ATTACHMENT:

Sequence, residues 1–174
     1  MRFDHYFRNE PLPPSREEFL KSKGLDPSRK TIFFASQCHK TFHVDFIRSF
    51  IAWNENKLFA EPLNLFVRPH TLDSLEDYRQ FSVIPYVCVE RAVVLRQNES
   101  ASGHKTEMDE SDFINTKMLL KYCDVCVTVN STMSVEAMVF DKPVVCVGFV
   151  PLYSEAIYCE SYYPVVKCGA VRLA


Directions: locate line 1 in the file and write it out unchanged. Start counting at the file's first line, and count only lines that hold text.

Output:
Sequence, residues 1–174